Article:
FBI Director James Comey said Tuesday that his agency would not recommend criminal charges against anyone involved with Hillary Clinton's private email network, even after finding that Clinton's team was "extremely careless" in handling classified emails.

"We cannot find a case that would support bringing criminal charges," he told reporters in Washington. Comey added that "no reasonable prosecutor" would bring charges.

Still, he said Clinton sent or received dozens of emails that were classified at the time they were sent and noted the former secretary of state did not turn over thousands of work-related emails to the State Department.

Comey said 110 emails contained information that was classified at the time they were sent, including eight emails that were top secret. That finding marked a direct contradiction to Clinton's previous statements, in which she said she never sent any information that was classified at the time it was sent.

Comey said the investigation focused on whether Clinton violated federal statutes prohibiting the removal of classified information from secure areas, which is a crime whether that is done intentionally or inadvertently.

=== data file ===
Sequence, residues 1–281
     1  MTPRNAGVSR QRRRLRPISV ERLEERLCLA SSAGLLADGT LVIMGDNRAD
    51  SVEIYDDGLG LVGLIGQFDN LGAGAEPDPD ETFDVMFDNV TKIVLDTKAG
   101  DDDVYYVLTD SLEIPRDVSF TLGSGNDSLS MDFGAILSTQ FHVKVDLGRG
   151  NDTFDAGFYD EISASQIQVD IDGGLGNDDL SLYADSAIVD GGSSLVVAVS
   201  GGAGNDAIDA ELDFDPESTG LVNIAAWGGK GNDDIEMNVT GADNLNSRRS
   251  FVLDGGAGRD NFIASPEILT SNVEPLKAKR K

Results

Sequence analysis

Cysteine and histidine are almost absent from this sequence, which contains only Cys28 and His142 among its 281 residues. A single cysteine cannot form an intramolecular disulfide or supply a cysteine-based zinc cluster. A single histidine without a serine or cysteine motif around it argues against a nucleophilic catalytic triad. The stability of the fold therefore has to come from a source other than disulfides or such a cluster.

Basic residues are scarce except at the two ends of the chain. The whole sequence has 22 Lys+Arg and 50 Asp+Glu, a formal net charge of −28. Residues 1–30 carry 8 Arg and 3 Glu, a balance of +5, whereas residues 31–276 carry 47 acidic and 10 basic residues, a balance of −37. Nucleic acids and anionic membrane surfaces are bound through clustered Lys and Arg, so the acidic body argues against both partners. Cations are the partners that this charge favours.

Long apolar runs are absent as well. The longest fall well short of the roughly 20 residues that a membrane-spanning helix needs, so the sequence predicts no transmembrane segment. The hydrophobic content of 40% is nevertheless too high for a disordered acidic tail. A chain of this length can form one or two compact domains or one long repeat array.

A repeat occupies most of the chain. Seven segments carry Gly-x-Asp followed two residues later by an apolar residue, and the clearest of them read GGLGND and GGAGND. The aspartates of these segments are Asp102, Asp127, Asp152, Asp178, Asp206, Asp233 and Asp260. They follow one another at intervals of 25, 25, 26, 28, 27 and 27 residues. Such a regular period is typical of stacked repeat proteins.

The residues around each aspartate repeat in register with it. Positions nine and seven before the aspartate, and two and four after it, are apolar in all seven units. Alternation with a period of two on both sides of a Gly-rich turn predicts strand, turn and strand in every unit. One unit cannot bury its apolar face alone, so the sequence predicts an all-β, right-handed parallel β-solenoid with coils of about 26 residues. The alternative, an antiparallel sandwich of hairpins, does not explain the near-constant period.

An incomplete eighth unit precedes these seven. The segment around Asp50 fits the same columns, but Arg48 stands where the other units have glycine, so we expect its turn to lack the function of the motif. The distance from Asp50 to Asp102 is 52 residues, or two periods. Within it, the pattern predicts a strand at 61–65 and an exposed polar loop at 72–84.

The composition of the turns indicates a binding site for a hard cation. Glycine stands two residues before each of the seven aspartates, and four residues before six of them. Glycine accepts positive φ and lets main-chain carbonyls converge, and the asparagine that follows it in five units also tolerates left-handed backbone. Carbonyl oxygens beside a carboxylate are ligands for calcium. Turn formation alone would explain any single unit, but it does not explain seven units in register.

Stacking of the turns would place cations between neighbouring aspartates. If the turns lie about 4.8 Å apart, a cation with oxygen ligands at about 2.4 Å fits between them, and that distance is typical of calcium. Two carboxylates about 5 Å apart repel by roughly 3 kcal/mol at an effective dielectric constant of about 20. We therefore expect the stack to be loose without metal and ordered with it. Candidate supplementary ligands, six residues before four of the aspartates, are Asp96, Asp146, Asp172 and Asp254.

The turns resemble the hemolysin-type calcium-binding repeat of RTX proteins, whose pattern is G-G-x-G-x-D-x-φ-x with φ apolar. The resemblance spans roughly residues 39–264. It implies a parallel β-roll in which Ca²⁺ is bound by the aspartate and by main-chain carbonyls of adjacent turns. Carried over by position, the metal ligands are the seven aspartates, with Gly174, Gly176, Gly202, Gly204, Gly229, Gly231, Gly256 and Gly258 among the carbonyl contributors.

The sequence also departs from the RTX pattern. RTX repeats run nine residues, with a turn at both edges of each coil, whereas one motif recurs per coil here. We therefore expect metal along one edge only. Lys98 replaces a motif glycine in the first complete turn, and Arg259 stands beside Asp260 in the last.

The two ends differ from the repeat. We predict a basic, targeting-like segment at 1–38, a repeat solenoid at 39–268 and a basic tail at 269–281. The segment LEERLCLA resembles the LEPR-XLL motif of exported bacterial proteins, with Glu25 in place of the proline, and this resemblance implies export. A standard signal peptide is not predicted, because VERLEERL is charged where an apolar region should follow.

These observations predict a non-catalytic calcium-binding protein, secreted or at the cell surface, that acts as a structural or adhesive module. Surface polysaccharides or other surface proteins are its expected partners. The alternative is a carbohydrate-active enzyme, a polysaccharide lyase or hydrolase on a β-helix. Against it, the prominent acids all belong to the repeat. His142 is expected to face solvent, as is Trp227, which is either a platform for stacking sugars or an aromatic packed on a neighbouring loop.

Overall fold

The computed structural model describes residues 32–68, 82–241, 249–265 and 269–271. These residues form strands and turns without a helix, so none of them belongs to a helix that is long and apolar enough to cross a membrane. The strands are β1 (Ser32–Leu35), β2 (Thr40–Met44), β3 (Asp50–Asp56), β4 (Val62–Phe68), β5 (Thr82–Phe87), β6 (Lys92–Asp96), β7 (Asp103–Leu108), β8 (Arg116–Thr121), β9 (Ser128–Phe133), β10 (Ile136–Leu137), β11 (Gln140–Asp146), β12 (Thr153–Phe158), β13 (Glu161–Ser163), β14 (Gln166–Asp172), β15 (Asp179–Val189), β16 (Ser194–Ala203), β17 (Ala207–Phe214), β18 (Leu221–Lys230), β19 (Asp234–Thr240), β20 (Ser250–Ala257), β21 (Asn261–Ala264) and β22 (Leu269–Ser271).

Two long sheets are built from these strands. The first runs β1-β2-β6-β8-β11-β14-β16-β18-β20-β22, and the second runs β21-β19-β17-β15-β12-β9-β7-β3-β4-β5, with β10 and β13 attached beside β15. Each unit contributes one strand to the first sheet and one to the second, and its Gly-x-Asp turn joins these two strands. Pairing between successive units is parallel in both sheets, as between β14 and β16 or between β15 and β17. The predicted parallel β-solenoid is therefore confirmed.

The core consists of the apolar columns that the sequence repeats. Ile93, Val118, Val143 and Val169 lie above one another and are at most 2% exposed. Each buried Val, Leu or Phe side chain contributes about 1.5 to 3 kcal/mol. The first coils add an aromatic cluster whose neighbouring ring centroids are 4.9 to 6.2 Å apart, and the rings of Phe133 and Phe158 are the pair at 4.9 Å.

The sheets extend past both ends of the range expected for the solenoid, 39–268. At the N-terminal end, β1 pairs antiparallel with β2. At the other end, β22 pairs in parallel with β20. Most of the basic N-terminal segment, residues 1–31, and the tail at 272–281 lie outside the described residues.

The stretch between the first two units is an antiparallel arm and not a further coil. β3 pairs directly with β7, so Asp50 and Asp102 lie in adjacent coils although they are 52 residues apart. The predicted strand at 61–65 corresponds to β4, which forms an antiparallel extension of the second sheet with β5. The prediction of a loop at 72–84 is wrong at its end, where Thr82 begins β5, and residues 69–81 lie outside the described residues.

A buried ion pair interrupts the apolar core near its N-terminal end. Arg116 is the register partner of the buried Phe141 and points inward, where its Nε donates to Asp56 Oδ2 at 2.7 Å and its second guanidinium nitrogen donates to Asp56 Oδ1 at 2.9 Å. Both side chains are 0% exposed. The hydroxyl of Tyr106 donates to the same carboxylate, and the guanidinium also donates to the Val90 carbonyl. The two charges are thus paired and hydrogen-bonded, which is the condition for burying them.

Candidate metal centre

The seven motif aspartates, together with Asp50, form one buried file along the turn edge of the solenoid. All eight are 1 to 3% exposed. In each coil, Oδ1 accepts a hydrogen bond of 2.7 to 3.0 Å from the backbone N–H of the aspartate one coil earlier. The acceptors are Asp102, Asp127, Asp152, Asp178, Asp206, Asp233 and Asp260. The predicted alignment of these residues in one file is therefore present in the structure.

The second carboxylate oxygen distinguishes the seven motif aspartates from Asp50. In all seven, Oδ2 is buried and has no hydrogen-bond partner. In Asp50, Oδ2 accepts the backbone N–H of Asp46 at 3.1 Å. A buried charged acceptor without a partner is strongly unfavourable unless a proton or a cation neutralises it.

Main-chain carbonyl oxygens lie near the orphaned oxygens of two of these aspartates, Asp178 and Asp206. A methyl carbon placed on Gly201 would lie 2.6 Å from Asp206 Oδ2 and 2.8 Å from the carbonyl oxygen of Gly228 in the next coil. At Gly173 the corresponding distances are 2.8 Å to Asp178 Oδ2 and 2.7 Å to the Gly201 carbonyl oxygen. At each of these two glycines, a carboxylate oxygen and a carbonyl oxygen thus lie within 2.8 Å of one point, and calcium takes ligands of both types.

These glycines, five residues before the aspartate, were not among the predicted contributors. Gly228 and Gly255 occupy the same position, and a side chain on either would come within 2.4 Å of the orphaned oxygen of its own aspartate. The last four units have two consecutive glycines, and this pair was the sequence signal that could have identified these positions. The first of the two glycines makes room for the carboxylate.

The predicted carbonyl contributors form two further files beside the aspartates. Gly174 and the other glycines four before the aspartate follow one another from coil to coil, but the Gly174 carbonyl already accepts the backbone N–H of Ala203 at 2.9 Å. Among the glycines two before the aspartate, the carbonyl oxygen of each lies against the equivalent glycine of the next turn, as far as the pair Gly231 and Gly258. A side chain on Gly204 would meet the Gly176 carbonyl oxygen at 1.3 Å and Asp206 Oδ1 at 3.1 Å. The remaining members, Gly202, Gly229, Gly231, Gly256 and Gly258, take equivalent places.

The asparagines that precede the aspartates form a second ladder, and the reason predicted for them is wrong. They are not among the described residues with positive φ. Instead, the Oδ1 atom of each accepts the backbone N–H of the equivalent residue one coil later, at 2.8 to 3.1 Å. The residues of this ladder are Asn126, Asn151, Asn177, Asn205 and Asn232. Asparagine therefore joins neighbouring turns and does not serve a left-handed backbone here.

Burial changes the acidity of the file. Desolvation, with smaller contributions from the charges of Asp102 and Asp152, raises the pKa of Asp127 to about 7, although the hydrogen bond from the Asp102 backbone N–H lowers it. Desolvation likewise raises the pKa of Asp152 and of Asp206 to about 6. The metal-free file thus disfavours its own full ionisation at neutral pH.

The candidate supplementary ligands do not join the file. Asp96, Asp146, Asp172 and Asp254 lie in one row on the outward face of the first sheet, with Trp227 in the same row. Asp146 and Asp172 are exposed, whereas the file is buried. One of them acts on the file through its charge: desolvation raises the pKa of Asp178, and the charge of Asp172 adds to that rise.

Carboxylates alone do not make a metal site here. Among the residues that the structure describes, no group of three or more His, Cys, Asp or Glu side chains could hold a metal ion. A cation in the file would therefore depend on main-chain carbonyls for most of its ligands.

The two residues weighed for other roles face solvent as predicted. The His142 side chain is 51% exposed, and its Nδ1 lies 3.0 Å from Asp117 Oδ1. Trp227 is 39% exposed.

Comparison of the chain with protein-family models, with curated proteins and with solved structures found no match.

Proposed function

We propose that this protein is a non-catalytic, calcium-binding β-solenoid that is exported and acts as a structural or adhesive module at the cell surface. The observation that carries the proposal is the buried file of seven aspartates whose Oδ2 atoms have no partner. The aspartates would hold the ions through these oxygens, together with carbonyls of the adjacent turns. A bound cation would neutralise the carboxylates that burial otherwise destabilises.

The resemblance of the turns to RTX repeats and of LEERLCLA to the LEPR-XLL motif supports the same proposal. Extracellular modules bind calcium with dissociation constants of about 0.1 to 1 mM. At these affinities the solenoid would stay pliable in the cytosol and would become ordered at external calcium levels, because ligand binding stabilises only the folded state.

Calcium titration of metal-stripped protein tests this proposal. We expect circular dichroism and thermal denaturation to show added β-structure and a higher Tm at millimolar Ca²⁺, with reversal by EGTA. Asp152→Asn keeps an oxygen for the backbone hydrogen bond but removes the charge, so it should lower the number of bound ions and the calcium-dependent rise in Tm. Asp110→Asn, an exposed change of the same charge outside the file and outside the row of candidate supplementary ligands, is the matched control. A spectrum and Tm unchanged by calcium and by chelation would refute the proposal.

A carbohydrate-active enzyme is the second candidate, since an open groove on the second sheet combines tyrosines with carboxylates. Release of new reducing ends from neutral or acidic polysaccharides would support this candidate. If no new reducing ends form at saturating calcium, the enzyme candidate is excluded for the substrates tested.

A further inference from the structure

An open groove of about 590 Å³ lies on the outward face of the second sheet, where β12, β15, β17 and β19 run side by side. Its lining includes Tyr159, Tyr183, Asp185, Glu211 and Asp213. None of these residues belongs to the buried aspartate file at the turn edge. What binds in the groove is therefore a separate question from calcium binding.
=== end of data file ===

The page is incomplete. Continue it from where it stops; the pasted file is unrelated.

The FBI director said Clinton used several different servers and mobile devices to transmit her private emails, a previously unknown detail about her network, and said it is "possible" that her inbox was breached by hackers.

Comey described the effort to comb through Clinton's multiple servers and devices as "a painstaking undertaking requiring thousands of hours of effort."

The FBI does not ordinarily announce its recommendations to career prosecutors at the Justice Department, Comey said, but he cited the "importance" of the case while explaining his decision to hold a press conference Tuesday.

Attorney General Loretta Lynch announced Friday her intention to rely on the recommendation given to her by the FBI amid an intense backlash over her private meeting with Bill Clinton earlier last week. That means Lynch is now likely, as expected, not to pursue charges against Clinton.

Comey has repeatedly vowed to prevent political bias from affecting the Clinton email investigation, but has otherwise refused to address the probe publicly since it began in July 2015.

While Hillary Clinton continues to characterize the investigation as a routine "security review," Comey, the White House and a federal judge have acknowledged that the probe is criminal in nature.

Republicans have long accused the Obama administration of attempting to rein in the FBI's investigation, from the president's dismissal of the probe in October of last year to Lynch's refusal to name a special prosecutor to the case.